Another source of disappointment for some was the lack of fast jet displays. 2018 was first year that neither the F/A-18 Super Hornet nor the Eurofighter Typhoon gave solo displays. Also, perhaps more notable was the lack of any F-35. The trade days saw just one which was the Lockheed Martin F-16C Fighting Falcon sponsored by the US Department of Defence and it also flew over the weekend. Though the aircraft was drawn from the United States Air Force’s 52nd Fighter Wing based at Spangdalem in Germany, the display crew came from the Pacific Air Forces F-16 Demonstration Team based at Misawa AFB, Japan. The team normally perform at displays around the Pacific area as well as Asia averaging about 10 per year. Recently they have displayed in Singapore, New Zealand and Alaska. The 2018 pilot is Captain Jacob “Primo” Impellizzeri and he gave two thunderous displays highlighting the power and agility of the F-16 each day. It was also nice to see his support team make the effort to meet the crowds between their displays.
Star of the show for many though was the McDonnell Douglas EAV-8B+ Harrier II+ from the Spanish Navy. It has been nearly 10 years since the Harrier was withdrawn from UK service and though the Spanish Navy did display at Farnborough in 2014, seeing the ‘Jump Jet’ in UK skies is still a really special treat. Even in Spain, appearances by EAV-8Bs in flying displays are very rare so it is a coup for Farnborough to attract one for an overseas appearance. As displays are rare, the Spanish fly really what is a role demonstration with some fly passes before a hovering finale at crowd centre. The UK may have a STOVL capability back with the F-35B, but there is little to beat the spectacle of a Harrier hovering nose on to the crowd before powering away to wing-borne flight. Special mention too must be made of the efforts by the Spanish to make their display on the Sunday by pulling the spare jet out of the static park after the main jet developed an issue.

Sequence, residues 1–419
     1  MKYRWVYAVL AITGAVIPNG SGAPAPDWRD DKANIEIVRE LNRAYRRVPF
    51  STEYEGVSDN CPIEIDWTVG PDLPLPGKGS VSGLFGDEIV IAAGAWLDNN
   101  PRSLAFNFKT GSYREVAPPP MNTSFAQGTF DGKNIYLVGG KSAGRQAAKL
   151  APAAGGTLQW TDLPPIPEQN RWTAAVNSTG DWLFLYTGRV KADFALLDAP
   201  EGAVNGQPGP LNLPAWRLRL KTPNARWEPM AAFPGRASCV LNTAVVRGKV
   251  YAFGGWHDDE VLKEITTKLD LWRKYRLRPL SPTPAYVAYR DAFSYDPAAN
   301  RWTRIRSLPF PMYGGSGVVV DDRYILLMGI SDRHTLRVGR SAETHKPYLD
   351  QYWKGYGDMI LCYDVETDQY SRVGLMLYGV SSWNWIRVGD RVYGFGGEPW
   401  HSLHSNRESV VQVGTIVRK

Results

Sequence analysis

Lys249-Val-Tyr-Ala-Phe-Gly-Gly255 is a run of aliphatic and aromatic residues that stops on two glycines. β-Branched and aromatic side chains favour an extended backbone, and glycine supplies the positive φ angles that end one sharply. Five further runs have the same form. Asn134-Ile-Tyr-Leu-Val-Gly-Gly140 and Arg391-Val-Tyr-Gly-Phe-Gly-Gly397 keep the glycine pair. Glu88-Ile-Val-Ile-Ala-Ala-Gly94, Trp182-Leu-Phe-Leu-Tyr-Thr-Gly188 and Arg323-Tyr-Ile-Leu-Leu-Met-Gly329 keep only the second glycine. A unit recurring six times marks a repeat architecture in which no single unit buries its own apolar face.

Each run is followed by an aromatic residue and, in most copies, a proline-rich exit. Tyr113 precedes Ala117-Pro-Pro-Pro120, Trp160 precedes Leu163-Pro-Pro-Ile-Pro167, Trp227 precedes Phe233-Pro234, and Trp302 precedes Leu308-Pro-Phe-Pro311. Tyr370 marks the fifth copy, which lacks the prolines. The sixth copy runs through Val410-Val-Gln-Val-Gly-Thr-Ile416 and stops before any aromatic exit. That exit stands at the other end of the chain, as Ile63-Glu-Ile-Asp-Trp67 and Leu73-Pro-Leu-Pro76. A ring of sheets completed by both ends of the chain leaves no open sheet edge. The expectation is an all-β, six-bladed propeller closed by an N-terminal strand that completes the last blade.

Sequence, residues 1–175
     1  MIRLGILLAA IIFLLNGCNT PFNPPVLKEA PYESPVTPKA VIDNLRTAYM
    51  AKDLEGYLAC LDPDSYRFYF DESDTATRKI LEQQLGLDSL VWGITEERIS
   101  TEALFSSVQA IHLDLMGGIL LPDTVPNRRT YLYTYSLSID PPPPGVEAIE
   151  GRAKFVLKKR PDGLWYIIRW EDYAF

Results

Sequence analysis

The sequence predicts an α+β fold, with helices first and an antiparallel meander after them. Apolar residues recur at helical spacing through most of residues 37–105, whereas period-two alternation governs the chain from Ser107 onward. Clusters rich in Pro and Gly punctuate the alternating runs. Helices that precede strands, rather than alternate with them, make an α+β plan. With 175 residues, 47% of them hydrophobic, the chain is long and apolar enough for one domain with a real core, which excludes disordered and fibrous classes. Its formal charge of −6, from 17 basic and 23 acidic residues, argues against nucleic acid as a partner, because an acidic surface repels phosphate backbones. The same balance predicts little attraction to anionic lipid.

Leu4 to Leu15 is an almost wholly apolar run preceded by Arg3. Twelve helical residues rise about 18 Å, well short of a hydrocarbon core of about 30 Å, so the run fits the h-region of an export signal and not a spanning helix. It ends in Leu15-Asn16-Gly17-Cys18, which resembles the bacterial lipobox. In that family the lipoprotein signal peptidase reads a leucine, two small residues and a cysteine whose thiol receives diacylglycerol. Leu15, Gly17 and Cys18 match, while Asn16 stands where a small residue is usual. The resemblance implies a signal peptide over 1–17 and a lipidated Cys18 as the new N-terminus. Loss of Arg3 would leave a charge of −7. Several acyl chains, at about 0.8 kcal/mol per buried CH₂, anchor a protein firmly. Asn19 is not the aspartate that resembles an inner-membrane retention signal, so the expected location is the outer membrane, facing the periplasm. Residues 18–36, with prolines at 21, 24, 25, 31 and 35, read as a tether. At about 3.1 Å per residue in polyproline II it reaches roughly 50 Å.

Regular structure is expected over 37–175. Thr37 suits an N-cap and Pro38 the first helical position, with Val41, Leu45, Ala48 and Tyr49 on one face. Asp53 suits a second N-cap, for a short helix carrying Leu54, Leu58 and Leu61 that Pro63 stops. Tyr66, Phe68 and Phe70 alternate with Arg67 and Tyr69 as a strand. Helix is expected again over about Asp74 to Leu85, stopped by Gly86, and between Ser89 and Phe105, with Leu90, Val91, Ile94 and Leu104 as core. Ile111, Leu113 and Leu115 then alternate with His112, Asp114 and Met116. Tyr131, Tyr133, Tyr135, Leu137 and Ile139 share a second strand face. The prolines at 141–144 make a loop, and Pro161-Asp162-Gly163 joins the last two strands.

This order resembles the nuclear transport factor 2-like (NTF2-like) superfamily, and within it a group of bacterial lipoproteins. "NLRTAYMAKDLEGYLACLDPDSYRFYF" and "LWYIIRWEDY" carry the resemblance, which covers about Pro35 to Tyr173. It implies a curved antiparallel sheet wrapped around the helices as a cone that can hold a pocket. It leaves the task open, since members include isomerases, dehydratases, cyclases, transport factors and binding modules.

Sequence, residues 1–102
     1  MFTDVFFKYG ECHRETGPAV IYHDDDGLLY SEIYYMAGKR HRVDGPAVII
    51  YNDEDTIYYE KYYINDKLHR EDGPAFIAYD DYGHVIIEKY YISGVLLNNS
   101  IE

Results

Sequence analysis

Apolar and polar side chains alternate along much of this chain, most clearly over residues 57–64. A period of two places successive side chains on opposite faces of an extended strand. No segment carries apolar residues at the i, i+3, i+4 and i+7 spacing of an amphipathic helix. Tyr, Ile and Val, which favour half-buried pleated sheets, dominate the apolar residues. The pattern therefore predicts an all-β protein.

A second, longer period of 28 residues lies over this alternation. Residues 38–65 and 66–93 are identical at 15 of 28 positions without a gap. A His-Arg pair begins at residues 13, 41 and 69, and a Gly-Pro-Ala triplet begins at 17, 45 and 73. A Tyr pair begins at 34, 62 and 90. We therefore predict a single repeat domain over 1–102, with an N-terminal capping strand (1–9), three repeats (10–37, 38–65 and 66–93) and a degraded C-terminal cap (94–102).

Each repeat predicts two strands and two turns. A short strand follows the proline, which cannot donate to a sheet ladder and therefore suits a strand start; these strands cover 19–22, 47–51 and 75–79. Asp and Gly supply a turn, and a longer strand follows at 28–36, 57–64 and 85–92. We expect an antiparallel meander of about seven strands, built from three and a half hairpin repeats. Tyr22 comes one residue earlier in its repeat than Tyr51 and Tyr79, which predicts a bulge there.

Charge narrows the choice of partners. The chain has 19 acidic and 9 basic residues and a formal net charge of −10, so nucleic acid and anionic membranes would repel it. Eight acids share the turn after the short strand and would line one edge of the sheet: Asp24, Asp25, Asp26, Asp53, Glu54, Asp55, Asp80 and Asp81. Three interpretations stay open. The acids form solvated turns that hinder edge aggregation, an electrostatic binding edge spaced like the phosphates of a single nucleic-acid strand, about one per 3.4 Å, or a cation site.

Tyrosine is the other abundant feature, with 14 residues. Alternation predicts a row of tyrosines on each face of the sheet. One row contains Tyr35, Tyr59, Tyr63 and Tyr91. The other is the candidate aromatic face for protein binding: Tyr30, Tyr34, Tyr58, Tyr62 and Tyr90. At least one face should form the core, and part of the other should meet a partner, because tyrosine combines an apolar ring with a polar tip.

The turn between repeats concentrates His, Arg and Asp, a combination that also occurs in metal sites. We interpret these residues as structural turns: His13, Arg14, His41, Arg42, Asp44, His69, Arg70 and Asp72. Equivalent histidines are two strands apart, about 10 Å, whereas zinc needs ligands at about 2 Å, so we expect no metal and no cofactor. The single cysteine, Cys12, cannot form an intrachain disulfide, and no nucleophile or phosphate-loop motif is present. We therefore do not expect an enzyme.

Farnborough’s public weekend has certainly had some mixed reactions on social media. I don’t think there was a lack of quality in the flying display as there were some really excellent and unique items in there such as the Flying Bulls, the Red Bull Air Race demo, the PACAF Demo team and the Harrier. Lots to enjoy then but at the same time it did just feel that bit too drawn out at times with some big gaps. People going to Farnborough do expect a spectacle and probably wall to wall action with it. Hopefully next time around a few more displays squeezed in would up the wow-factor. Aside from the flying display, it should also be mentioned how much better it was getting in and out was. There were plenty of buses at all times, faster moving security queues and the showground staff all seemed that much more friendly too!